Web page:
"...I was a high school student in July 1989 when I went with a group of peers to Managua, Nicaragua. We had no idea what to expect."Read More
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It’s not unusual to see the world pour into Willow Creek Community Church during the Summit. But a group of leaders in the main auditorium consisted of men and women who nurture close, consistent relationships with Willow. They are pastors and directors of the churches and nonprofit organizations Willow partners with from all over the globe.Read More
By: Erin Chan Ding, Willow Global Volunteer Journalist
The village where Kelvin lives is not just a village. It’s more than that—and in the eyes of some, much less. It’s called Batey Jalonga. Many bateyes, like Batey Jalonga, dot rural areas of the Dominican Republic and are the kinds of places where Dominicans go when they’re looking to serve those less fortunate. Some have no access to clean water, to toilets, to adequate housing, to sufficient nourishment, to proper health care, to transportation, to education. People would say, “Jalonga? Nothing good could come from there.”
The hope for change lies in what God has already done in the batey – not just with peace, not just with health but especially when it comes to education.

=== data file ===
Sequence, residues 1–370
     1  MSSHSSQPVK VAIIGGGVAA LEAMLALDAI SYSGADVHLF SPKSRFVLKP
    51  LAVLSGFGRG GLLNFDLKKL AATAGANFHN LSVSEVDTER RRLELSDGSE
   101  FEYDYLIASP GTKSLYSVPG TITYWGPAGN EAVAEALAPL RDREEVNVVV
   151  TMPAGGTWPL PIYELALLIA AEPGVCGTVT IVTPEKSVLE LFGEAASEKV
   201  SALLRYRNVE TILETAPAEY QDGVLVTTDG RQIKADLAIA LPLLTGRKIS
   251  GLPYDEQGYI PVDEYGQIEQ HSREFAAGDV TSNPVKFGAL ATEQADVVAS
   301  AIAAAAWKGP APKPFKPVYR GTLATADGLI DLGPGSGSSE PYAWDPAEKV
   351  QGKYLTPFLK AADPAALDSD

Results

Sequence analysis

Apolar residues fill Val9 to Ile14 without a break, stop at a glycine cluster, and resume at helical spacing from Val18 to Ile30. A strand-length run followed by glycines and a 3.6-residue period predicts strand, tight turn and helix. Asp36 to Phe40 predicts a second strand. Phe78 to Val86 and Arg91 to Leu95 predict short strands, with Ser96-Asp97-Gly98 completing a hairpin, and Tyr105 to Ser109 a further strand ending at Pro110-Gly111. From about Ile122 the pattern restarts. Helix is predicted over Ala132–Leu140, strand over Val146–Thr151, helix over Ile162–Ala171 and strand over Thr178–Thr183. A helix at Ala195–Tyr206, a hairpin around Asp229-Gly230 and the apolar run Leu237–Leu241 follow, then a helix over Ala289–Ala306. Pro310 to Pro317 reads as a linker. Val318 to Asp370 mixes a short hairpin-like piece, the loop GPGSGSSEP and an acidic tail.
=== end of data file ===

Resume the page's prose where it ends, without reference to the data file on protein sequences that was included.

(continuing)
Kelvin found Pastor Hector Mendoza and Juana’s church at age 12. In his mind, Jesus was not just about preaching the Gospel but also had a model where he did things for people. As a teen, Kelvin partnered with the Mendoza’s to figure out how it could best serve the community.
They saw that many in the congregation couldn’t read the Scriptures. They saw that people who were affected by HIV couldn’t read the prescriptions. They saw that illiteracy affected the capacity of parents to take care of the health of their children.
So it started with adults, 32 of them from Batey Jalonga. The church began to teach them to read, started health education and invited them to church.
When others found out, the demand grew to 160 adults. When surrounding communities heard, those adults approached Batey Jalonga, wanting to learn how to read and write. And then it wasn’t just adults. There were kids who were kicked out of school for bad behavior. And kids who did not have the money to catch transportation to school.
The church selected ten young people, including Kelvin, to helm the adult education project. But with more people coming, the church and community had reached a demand beyond its capacity.
So it reached out to a local senator and pleaded with him for resources. He agreed to come and check out the learning program. When he arrived, he cried.
“He had no experience that a batey can function,” Kelvin says. “And the adults in bateyes? They didn’t go to school.”
But in Batey Jalonga, they did. Even if it they had to learn while sitting under mango trees, which they did, too.
So what now? A school. A liceo, specifically. A high school.
The reason? There existed a cavernous gap between the kids who attended elementary school in the batey and the adults who were now being educated.